This fascinating Indigenous group, whose population is around 5,000, are well-known for the fact that they start a person's funeral even before their final breath. However, it is their conservation work to find solutions to save the Amazon which has really caught the eye in recent times.
Bolivia is one of the most biodiverse countries in the world. Its location at the heart of South America means it has a great variety of biogeographic regions. At this latitude, the Andes Mountains widen and create the high plateau of the Altiplano with a rugged mountainous landscape towering above and to the east the descending slopes, hills and deep valleys, and on to the vast plain of the tropical low lands.
The Wildlife Conservation Society's (WCS) conservation programme in Bolivia takes place in one of the most biodiverse landscapes in the world, where many different ecosystems converge including Amazonian rainforests, montane cloud forests, lowland savannas, highland grasslands, dry inter-Andean forests and high Andean mountains. The Madidi region is also critical for the conservation of endangered wildlife that have large home ranges such as the jaguar, giant otter, Andean bear, maned wolf, white-lipped peccary, vicuña and the Andean condor.
A recent study by the WCS in collaboration with the Tacana People’s indigenous Council in Bolivia has demonstrated that the expansion of agriculture and forest conversion to pasture are the main causes of forest loss, and that its conservation depends essentially on local capacities of land management. In essence, this mean the planning of current and potential land use, institutional strengthening and project implementation for sustainable management of natural resources. The study focuses on the area located along the road from San Buenaventura to Ixiamas and where Madidi protected area and the Tacana Indigenous Territory converge.
GIS and spatial statistical analysis were used to analyse the correlation between geographical conditions and loss of forest cover during a historical period (2005-2010) as well as during a projection in the future to 2021. Determinant factors were also included in the analyses: land ownership, land management and improvement of road infrastructure, allowing the comparison of deforestation in areas with and without land management.
Tacana land management also protects deforestation of connectivity corridors between Madidi protected area and the Tacana Indigenous Territory. These corridors are critical for maintaining wildlife populations, especially endangered species at the continental level with large spatial requirements, such as the jaguar and white-lipped peccary as well as for the sustainability of subsistence hunting by indigenous communities. Forest loss is also reduced in areas at risk of erosion on the last foothills of the Andes and along the course of main rivers and streams of the Iturralde province in areas susceptible to flooding.
The Tacana people have rights of tenure over their territory, granted by the Bolivian state, and have developed skills for internal regulation of land management and natural resources, that have helped to prevent overexploitation and destruction of the collectively owned forest, while allowing the development of various productive activities to ensure sustainable livelihoods of the indigenous communities.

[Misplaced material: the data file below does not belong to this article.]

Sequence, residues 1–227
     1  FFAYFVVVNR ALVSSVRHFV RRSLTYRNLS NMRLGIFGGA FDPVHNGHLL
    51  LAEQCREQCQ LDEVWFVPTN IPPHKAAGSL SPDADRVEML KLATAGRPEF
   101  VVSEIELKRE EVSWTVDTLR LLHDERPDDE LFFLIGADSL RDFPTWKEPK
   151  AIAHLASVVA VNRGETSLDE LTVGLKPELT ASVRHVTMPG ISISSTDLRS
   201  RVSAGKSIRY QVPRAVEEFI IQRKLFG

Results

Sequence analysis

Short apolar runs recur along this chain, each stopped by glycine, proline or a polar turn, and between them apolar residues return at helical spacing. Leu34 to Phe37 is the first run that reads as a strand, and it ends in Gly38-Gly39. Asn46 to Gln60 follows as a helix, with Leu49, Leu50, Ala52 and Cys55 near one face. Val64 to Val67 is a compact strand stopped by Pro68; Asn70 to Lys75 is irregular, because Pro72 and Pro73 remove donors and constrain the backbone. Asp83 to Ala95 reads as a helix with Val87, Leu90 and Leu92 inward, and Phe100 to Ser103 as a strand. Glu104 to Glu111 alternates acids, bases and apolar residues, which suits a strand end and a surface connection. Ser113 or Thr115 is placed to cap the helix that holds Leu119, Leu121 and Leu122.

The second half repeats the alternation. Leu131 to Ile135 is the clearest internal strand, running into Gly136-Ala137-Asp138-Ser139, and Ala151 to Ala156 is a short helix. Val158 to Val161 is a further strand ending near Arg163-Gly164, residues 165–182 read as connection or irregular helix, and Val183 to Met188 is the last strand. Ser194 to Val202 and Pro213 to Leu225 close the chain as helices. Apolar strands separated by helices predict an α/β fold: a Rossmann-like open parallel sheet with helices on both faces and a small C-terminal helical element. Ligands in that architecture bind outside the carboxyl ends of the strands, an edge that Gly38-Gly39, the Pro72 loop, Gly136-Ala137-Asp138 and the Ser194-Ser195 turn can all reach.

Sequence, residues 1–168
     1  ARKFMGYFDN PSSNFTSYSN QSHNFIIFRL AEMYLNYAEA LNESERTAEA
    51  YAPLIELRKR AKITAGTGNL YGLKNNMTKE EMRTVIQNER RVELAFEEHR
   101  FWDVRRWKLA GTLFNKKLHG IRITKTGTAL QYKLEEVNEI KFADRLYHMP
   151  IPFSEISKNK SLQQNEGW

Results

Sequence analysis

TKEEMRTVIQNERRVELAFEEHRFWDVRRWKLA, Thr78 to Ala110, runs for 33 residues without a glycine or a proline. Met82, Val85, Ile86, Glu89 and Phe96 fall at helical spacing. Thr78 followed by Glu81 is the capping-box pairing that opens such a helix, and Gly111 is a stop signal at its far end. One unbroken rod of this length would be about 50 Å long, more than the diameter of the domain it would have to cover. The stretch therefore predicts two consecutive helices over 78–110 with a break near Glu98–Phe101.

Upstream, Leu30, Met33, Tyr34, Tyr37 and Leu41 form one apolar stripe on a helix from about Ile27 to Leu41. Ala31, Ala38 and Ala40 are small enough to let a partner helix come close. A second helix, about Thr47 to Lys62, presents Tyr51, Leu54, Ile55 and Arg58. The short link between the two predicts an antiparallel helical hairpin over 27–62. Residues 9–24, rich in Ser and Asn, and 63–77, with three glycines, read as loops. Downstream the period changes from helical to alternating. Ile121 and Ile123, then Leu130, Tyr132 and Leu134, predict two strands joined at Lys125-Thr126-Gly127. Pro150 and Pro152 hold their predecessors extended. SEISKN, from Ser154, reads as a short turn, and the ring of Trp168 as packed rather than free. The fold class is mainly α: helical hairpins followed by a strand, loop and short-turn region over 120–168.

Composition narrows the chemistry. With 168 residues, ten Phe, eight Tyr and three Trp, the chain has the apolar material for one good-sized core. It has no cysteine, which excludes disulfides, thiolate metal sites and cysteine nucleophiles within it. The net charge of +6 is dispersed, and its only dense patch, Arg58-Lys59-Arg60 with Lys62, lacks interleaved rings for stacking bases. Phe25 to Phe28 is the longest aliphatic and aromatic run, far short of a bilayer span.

This study proves that indigenous participation is critical for mitigating climate change through the reduction of emissions from deforestation. It also presents information on the value of the forest for the control of environmental risks and a baseline that will allow comparing over time the effectiveness of mitigation measures associated with the road project and the effectiveness of indigenous land management and protected areas as alternatives to ensure integral long-term management of the forest.
"The capacity of Indigenous People to articulate and strengthen their ancestral rights on the basis of their territorial vision will determine the future of much of the Amazon," said Lilian Painter, Bolivia Country Program Director of WCS. This is quite a statement and shows the true importance of the Indigenous Peoples to this corner of the world.
A rights-based approach is an approach to avoiding deforestation. The indigenous territorial management program in the Madidi Landscape demonstrates that the recognition of indigenous land rights, local autonomy, and internal regulations of access and use of natural resources can significantly reduce forest loss over large forest areas.
Indigenous organizations with proprietary rights over large forest tracts should be considered important actors in establishing institutional mechanisms for managing forests for their environmental services. Development of legitimate land use plans is a prerequisite for informed consultation and consent, since it represents the collective development vision of an indigenous group and the baseline scenario against which to contrast any development or conservation project, as well as an alternative to existing patterns of forest loss.
For more information please contact Lilian Painter (firstname.lastname@example.org) or go to the Wildlife Conservation Society website